Two sets of people mourned the death of Nazir Hoosein, who died on May 12 at the age of 78 in Mumbai. One was the Indian motorsport community, which remembered how Hoosein, a former racer, founded the Himalayan Car Rally in 1980 and was a member and administrator of several international industry bodies, including the Federation Internationale de l’Automobile. “Hoosein was responsible for putting Indian motorsport on the world stage even before India’s auto industry had opened up to foreign players,” Autocar India noted in its tribute. “It is safe to say that in his day, no Indian has ever enjoyed the same stature in the highest echelons of motorsport.”
The other group that fondly remembered Hoosein comprised cinephiles. Hoosein owned the iconic Liberty Cinema in Marine Lines in South Mumbai (he also lived above it). The Art Deco cinema was inaugurated two years after India became free of British rule, and it is possibly one of the city’s most beautiful movie theatres alongside Regal in Colaba.
The cavernous single-screen cinema boasts of Burma teak surfaces, wood panelling, coved ceilings and carved fountains on either side of the screen, which were meant to be “a historic symbol of eternal life”, Navin Ramani wrote in Bombay Art Deco Architecture (Roli Books, 2008).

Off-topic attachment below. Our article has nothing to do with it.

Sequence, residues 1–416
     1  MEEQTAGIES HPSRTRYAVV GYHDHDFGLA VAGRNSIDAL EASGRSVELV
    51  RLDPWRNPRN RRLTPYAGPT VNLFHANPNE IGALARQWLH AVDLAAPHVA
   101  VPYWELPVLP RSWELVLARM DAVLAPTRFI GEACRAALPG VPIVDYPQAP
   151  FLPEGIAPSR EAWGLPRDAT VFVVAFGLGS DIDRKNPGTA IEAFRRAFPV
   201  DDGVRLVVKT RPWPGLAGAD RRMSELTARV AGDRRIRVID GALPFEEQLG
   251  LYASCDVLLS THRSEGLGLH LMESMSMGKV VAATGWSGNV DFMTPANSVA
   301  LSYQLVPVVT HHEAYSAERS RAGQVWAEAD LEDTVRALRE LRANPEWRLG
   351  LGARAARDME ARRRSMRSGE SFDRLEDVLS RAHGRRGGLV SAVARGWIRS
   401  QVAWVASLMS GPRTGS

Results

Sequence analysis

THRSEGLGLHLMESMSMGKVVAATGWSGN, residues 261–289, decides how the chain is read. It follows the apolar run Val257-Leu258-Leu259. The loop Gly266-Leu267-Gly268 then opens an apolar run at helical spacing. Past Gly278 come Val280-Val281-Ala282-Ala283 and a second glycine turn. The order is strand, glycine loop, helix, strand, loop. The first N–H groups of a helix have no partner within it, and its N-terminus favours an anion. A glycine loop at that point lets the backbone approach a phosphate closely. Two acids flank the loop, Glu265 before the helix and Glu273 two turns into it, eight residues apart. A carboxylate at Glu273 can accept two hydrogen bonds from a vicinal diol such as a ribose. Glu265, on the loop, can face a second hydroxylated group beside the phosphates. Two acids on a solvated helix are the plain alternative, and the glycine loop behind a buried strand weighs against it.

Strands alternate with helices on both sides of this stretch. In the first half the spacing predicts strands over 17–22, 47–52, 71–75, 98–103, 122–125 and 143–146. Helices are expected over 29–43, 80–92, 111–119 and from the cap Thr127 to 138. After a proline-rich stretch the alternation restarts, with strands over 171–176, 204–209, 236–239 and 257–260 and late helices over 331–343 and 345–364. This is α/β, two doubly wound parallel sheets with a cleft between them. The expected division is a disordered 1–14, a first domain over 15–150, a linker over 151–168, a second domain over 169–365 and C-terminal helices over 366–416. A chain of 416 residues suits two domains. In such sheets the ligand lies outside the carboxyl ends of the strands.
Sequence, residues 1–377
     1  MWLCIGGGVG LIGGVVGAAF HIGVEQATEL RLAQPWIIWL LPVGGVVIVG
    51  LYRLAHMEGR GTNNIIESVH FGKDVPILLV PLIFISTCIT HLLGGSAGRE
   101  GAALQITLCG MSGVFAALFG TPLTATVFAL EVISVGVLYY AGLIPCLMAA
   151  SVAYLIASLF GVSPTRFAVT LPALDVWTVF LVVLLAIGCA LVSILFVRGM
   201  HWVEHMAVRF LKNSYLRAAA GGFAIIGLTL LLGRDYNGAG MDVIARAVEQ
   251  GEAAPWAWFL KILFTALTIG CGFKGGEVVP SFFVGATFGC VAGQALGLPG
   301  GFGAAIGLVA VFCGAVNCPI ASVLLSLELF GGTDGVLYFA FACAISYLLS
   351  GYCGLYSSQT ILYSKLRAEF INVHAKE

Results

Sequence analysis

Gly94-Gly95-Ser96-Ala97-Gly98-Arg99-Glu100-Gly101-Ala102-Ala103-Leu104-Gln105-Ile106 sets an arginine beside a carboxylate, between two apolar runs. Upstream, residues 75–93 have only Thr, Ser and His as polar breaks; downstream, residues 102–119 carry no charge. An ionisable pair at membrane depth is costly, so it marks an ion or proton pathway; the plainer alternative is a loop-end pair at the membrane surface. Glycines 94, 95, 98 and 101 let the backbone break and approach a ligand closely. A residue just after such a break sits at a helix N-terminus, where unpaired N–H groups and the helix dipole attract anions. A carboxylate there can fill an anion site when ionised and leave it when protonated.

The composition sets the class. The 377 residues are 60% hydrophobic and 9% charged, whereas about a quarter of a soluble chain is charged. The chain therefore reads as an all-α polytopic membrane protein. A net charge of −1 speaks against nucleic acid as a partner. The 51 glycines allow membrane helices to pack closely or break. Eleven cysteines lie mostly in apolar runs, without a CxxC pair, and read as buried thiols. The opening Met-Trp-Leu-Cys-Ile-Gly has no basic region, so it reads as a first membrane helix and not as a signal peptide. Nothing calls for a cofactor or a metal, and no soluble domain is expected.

“Liberty also marked the culmination of the Age of Art Deco in Bombay,” the Bombaywalla blog founded by Simin Patel notes. “If Regal cinema, which opened in 1933, announced Art Deco’s gala entry into the city, Liberty in 1949, marked its grand finale.”
Liberty was built by Nazir Hoosein’s father, Habib Hoosein. The architect was Ridley Abbott. “In the age of Art Deco, Bombay’s aesthete chose a global style to reflect their national aspirations, rejecting the colonial architectural traditions of Neo-Gothic and Indo-Saracenic as well as the aesthetics of Gandhian nationalism in Bombay,” the Bombaywalla blog says.
The first movie to be shown at Liberty Cinema was Mehboob Khan’s Andaz on March 21, 1949. Over the years, several premieres took place at the stately Liberty. In the 2000s, dwindling footfalls combined with increasing difficulties in protecting the fittings and furniture from unruly moviegoers led to Hoosein slashing the number of films exhibited there.
Government regulation played its part in preserving Liberty as a movie theatre as well as preventing its redevelopment as a culture hub, as Hoosein had wished. Clause 125 of the Maharashtra Cinema (Regulation) Rules, 1966, states that “No cinema premises shall be used for any purpose other than the exhibition of cinematograph films (musical and dance performances, display of electronic and video transmitted images and conference facilities) except with the previous permission in writing of the licensing authority”.
In 2018, the chain Carnival Cinemas took over the running of Liberty. Several films and commercials continue to be shot here – Rajkumar Hirani’s Sanju (2018) was among the recent ones. Whenever any filmmaker wants to depict old-world charm in a fast-mutating metropolis, there is no better place, and there won’t be, like Liberty Cinema.
Information courtesy Bombaywalla Historical Works/Simin Patel.